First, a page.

Candid camera analysis designed to build team performance

09 December 2002
Visual aid: Michele Boddington's PhD thesis explores video analysis as a tool for enhancing skilled sports performances.

SPORT around the world has become big business and is fast becoming big science, too, as PhD graduate Michele Boddington's research shows.

Using qualitative video analysis techniques, Boddington has been able to help coaches fine-tune and boost their team (and individual) performances. Video analysis, she says, is the way of the future, if you want to get to the top and remain there.

The Brighton University BSc (Sports Science) student came to South Africa four years ago to begin her Masters degree, later upgrading this to a PhD.

“I felt there was no scope for me to leave UCT with a Masters as I hadn't reached the point where I felt I could go into industry,” she says. Although the physical aspects of sports has been studied, the skills aspects offers scope for investigation, giving rise to the idea of video feedback techniques that will enhance skilled performance.

Using SportsCode, a sports analysis system that offers advanced sports analysis to teams and individuals, Boddington measures the efficacy of visual feedback to boost skilled performance among athletes and sportspeople.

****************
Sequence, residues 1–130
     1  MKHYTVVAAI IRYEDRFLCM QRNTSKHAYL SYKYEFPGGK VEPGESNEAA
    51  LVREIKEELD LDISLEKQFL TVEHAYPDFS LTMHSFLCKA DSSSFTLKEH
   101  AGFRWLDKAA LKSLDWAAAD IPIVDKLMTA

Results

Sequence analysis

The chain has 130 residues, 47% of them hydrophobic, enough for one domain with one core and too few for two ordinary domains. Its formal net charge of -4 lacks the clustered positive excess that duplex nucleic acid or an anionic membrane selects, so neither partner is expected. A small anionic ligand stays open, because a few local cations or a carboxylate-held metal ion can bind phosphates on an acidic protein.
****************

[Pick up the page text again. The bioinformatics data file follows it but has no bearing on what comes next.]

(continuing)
Although her studies have allowed her to work with elite gymnasts and cricket players, her focus has been on women hockey players, from the national side, to the provincial and club levels. “I was a reasonable club level hockey player in the United Kingdom, probably the equivalent of provincial level, and the question 'how do we train?' became all-important,” she explained.

“This study shows that the use of visual feedback can enhance performance whether in tactical changes to team formation or during set pieces. Both of these areas can determine the success or failure of performance.”

The information helps coaches understand the physical and skilled elements of their sport and assists them in developing more appropriate training interventions.

While some coaches may be wary of the technological aid, it is not intended to replace them. “The information helps them understand the physical and skilled elements of their sports and assists them in developing more appropriate training interventions,” Boddington explains.

By using the analysis coaches are also able to pick up injury-causing techniques, for example, in bowlers. “It could mean ensuring that a 17-year old great will go on to become great,” she commented.

The Unit's Associate Professor Mike Lambert agrees. “Michele's studies have used cutting edge technology to analyse movement patterns in sport and if applied correctly, her data will contribute significantly to improving sporting performance while reducing the risk of injury.

"Michele will be staying in Cape Town doing postdoctoral work next year so hopefully there will be opportunities for her to get involved in a variety of sports.”

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